Skip to main content
G7 flags

Four Things to Watch for at the G7

After tumultuous EU elections, G7 leaders face a real test on climate.

5 min read


Well this ought to be a doozy.

Most years, the annual G7 get-together for heads of state from seven wealthy democracies – Canada, France, Germany, Italy, Japan, the UK, and the US – plus the EU hardly registers for most audiences outside of think tank and policy circles.

A few news clips with smiling presidents and prime ministers and headlines about commitments to enhanced cooperation and done.

But 2024 is not most years. When the usual G7 figures meet in Apulia, Italy along with a long list of invited leaders from Brazil, India, South Africa, Saudi Arabia, and others, it's just days after EU elections that fundamentally upended European politics and left the world with more questions than answers.

Top of that list: Who can lead on climate?

An Uncertain Landscape

Notably, the resulting swing to the right in France and Germany in particular means that two of Europe’s leading voices on the issue – French President Emanuel Macron and German Chancellor Olof Schulz – now stand on foundations shakier than sand.

Macron was so shaken by the election results that he dissolved the country’s National Assembly and called for snap elections later this month. Schulz now faces increasing pressure to follow suit with an early election.

While European Commission President Ursula von der Leyen, whose commission fashioned the EU Green Deal, looks positioned to keep her job in the new parliament, questions remain on how aggressive she can be in a second term. British Prime Minister Rishi Sunak arrives with a general election looming on July 4. And then there’s the minor matter of November 5 for US President Joe Biden.

The clear winner on the night was among the most climate-skeptic of the European contingent, Italian Prime Minister Georgia Meloni, whose electoral gains established her as a new kingmaker in the parliament. The clear loser: Greens on the planet’s fastest-warming continent, who lost some 20 seats and significant influence across the bloc.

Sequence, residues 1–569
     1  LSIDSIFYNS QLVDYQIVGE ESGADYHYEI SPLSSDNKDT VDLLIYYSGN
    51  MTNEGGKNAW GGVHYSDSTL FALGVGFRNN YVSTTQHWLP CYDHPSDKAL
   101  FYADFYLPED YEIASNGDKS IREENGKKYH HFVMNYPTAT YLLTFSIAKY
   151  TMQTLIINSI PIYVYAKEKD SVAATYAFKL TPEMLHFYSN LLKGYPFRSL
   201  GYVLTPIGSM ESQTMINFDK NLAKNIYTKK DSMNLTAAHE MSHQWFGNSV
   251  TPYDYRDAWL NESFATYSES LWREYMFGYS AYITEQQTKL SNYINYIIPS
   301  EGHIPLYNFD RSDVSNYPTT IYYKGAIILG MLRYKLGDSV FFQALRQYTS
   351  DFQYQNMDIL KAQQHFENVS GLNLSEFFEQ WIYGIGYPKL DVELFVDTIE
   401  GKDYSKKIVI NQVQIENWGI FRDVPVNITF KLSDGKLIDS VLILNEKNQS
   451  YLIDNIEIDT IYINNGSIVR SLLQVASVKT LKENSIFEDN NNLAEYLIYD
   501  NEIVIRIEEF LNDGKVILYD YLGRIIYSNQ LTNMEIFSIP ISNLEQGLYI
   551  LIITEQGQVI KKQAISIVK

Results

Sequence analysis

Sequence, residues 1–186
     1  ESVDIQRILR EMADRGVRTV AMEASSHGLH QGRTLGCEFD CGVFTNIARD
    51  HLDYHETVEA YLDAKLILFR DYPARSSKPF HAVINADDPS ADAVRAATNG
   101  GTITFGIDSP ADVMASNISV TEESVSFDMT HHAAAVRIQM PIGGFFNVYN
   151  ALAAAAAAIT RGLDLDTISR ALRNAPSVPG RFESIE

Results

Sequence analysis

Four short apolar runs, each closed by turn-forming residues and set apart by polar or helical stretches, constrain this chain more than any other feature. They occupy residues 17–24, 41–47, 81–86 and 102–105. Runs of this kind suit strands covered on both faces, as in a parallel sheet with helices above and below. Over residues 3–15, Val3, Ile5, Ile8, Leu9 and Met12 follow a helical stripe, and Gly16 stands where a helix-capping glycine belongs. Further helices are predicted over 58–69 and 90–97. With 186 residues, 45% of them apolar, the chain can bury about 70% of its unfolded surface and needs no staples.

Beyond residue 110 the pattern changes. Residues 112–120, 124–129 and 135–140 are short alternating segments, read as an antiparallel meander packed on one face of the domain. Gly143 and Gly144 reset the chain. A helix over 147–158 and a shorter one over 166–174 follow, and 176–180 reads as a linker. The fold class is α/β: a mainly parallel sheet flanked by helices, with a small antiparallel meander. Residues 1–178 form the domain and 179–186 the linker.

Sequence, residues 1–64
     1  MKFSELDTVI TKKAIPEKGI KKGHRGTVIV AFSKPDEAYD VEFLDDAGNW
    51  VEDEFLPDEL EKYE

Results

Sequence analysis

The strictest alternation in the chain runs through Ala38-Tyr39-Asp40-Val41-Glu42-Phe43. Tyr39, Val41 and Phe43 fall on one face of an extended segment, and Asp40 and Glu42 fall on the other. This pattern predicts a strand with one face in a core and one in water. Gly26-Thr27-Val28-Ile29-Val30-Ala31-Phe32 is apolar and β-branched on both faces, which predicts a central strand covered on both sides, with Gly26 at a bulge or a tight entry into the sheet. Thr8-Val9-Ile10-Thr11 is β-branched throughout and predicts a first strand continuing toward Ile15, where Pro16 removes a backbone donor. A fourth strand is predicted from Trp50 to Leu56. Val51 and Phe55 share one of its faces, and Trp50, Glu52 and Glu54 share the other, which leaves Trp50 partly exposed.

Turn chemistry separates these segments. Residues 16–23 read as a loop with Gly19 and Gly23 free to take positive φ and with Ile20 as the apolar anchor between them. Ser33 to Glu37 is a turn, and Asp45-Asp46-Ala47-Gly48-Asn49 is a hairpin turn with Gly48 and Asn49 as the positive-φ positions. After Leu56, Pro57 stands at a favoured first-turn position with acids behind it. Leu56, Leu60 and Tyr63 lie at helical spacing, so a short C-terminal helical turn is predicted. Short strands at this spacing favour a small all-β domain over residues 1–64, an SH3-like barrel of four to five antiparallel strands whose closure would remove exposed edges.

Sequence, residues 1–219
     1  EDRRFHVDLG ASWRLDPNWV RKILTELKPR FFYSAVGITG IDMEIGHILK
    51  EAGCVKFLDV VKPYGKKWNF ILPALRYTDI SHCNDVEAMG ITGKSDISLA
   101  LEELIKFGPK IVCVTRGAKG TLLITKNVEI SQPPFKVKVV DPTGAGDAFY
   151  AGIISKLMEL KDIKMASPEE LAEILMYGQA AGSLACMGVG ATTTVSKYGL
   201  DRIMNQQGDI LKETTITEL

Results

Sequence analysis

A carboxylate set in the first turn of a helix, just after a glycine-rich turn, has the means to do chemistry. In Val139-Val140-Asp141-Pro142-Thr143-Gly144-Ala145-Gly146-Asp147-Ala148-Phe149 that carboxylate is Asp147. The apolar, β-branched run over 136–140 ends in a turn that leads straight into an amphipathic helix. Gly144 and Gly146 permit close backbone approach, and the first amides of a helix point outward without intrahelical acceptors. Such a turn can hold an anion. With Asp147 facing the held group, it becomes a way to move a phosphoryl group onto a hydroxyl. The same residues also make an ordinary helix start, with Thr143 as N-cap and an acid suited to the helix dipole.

Still a Critical Role to Play

So what now?

From a climate perspective, the political storms in the background challenge but do not change the urgent need for the G7 to address the new “normal” manifesting in the very real – and record – storms forecast for the Atlantic this year. Or the scorching temperatures projected for Europe again this summer. And on and on.

Because what the G7 does on climate – particularly in transitioning member economies from fossil fuels to clean energy – matters immensely. While the rise of China and other factors means that the G7 has seen its share of global GDP shrink from around 50% in the 1980s to about 30% today, 30% is still a whole lot of influence over the global economy. Especially whether investments in wealthy democracies flow to clean or dirty energy.

Then there is the question of legitimacy. That is, will the rich countries at the head of the table in UN climate negotiations live up to their own bold calls for action when the going gets a little tough? (Because make no mistake, the rest of the world is watching.)

Although G7 summits do not bind members, they serve as a forum to coordinate action on key issues and set a common course. Back in 2022, Olof Scholz proposed making the group a “climate club” to unify and accelerate efforts to reach Paris Agreement targets.

That kind of concerted focus feels a distant memory after this year’s EU elections.  There is some assurance in the fact that many of the EU’s more ambitious climate initiatives are already enshrined in law in member states. Though analysts do not expect a U-turn on the Green Deal, they caution that passing more ambitious policies – like the proposal for a 90% emissions reduction target by 2040 – will be difficult. At least in the near term.

But at a time when the world is warming at a pace that has scientists slack-jawed and nations – especially the wealthy G7 – need to rapidly reduce emissions to have any chance of meeting Paris Agreement goals, this is not great news.